Pakistani tribesmen are raising armies to battle al-Qaida and Taliban militants close to the Afghan border — a movement encouraged by the military and hailed as a sign its offensive there is succeeding.
The often ramshackle forces lend force to the campaign in the lawless and mountainous northwest region, but analysts question their effectiveness against a well-armed, well-trained and increasingly brutal insurgency.
The extremists are increasingly targeting the tribal militias, an indication they believe the private armies to be a threat.
On Sunday, two tribesmen were killed during an army-backed offensive against insurgents in the Bajur tribal region. Government official Jamil Khan said helicopter gunships shelled militants' bunkers, killing at least 10 people. Fifteen more suspected militants were killed in separate clashes, he said.
On Friday, a suicide bomber killed more than 50 tribesmen gathering to form an army. Eight pro-government tribesmen have been beheaded in recent days.
Government exploiting local resentment
By encouraging the private armies, or "lashkars," the government is exploiting local resentment against foreign and Pakistani extremists in the area, considered a likely hiding place for Osama bin Laden and other al-Qaida leaders.
"These Taliban call themselves Muslims, but they have been involved in all kinds of crimes," said Malik Mohmmand Habib, a leader of the Salarzai tribe, one of the largest of at least five tribes who have formed lashkars in recent weeks. "We want them out of our area."
Habib claims there are up to 15,000 men in his lashkar. Similar figures have been given by other leaders of private armies but those claims could not be independently verified. Analysts caution tribesmen are likely exaggerating, perhaps by as much as 50 percent.
The lashkars have drawn comparisons with government-backed militia in Iraq — the so-called awakening councils — that have been credited with beating back the insurgency there.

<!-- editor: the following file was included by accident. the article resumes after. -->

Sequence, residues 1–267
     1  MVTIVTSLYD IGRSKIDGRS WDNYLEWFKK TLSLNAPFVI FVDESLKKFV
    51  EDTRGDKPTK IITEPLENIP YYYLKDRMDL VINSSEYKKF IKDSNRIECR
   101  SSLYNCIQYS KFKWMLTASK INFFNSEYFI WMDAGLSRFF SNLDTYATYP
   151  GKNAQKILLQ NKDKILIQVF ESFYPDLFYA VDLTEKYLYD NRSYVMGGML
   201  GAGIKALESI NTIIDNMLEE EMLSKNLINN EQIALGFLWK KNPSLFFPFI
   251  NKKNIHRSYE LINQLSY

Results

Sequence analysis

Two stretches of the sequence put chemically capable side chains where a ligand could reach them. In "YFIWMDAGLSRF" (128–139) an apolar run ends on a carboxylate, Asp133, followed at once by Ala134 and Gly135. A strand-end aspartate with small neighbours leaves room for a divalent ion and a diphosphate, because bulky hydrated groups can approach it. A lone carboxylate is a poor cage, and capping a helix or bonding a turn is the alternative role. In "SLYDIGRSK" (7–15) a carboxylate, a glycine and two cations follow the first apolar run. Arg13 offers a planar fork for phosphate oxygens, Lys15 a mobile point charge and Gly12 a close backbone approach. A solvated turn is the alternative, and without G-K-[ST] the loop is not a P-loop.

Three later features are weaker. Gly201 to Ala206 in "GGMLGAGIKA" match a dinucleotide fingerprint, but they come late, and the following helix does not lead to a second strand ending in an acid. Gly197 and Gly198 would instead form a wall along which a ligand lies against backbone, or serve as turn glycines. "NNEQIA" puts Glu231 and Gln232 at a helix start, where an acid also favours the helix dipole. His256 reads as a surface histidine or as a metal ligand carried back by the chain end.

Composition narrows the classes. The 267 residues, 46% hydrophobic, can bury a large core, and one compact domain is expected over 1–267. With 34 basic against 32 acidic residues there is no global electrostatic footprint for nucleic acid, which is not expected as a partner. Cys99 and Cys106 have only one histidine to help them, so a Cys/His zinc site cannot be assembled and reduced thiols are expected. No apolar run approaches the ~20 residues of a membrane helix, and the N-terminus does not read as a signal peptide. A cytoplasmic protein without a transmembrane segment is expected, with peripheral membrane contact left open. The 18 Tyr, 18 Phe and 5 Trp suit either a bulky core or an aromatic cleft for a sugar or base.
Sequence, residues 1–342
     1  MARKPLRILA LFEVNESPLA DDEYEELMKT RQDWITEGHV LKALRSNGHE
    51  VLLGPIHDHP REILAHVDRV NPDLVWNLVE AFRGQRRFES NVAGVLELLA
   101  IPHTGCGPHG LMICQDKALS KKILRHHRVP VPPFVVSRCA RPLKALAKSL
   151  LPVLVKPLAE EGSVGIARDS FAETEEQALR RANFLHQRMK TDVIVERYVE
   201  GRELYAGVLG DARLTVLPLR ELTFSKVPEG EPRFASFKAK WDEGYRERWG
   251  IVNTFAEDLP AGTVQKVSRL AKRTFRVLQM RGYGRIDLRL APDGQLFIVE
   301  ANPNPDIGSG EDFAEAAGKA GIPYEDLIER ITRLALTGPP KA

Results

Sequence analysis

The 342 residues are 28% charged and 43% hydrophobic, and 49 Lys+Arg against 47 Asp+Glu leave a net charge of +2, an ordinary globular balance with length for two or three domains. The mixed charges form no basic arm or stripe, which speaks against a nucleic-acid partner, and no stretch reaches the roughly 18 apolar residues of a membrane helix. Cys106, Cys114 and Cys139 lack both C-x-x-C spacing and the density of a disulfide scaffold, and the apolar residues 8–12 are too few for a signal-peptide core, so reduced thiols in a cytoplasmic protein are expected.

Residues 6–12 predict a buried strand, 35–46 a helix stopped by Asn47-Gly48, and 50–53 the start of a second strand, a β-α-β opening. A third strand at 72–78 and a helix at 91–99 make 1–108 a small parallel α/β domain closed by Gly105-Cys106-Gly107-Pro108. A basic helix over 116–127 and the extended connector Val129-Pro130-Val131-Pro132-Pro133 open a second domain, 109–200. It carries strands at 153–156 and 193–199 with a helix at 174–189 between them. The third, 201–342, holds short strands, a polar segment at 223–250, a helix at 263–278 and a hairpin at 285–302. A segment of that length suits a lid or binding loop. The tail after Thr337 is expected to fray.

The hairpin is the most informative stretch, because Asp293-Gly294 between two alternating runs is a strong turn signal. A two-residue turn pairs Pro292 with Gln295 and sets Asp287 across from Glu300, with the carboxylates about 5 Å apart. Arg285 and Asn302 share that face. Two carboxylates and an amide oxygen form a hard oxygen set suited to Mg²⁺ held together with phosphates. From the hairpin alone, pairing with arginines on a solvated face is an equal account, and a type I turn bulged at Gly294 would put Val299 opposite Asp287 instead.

But the lashkars are less organized and the tribesmen use their own, often aging, weapons. The government does not admit to funding the armies, but analysts suspect the leaders at least receive money.
It is also unclear how much front-line fighting the lashkars are involved in. They have been photographed on patrol with military units and reportedly have been involved in several clashes, but their main task appears to be holding areas the army has cleared of insurgents.
Army spokesman Maj. Gen. Athar Abbas praised the formation of the private armies, but gave few details of how they operate.
Unhappy with militants in their areas
Shuja Nawaz, a prominent Pakistani security analyst, said the tribesmen are joining the fight against the insurgents because they are unhappy with the presence of the militants in their region. He stressed the government must quickly build roads, schools and undertake other development projects in the tribal areas to cement the successes.
"It is a continuation of the British colonial tradition of paying off the tribes," said Nawaz, adding that historically such deals to buy loyalty often broke down.
Militants in the border region are blamed for surging violence against U.S. and NATO troops in Afghanistan, leading to fears that the war there is unwinnable seven years after the Taliban was ousted.
They are also behind an increasingly virulent campaign of suicide attacks on Western, civilian and military targets within Pakistan that threatens to destabilize the nuclear-armed country.
Pakistan's broadly secular, pro-U.S. government is trying to channel public anger at those attacks, including the Sept. 20 blast at the Marriott hotel in the capital, Islamabad, into support for its fight against terrorism.
Seeking to overcome a common perception that the fight is America's war, the government often holds up the emergence of the tribal armies as proof that locals are behind the campaign.
That task has become increasingly complicated by suspected U.S. missile strikes within Pakistani territory that are believed to have killed more than 100 people, mostly alleged militants.
Latest casualties don't include al-Qaida fighters
The latest barrage, reported Sunday, in Pakistan's northwest killed five people, none of whom was believed to be a foreign al-Qaida fighter, officials said.
Some fear the lashkars could become a problem in the future with the private armies turning on each other or on the state itself.
"You are creating a very polarized society that doesn't auger well for the stability of the area," said Rustam Shah Mohmand, former ambassador to Afghanistan and political commentator. "I think this leads to a very, very confusing situation as far as law and order is concerned."
Since last year, the militants have taken over large swaths of the tribal region, a 10,425 square mile (27,000 square kilometer) patch of rugged land where the government has never had much control.
Responding to U.S. pressure, the army launched a major offensive in early August in the Bajur tribal region, where it claims to have killed more than 1,000 militants.
Despite that operation, U.S. officials and others in the region allege that elements within Pakistan's army and spy agency are supporting the militants, in part because they believe the country's strategic interests are best served by an unstable Afghanistan.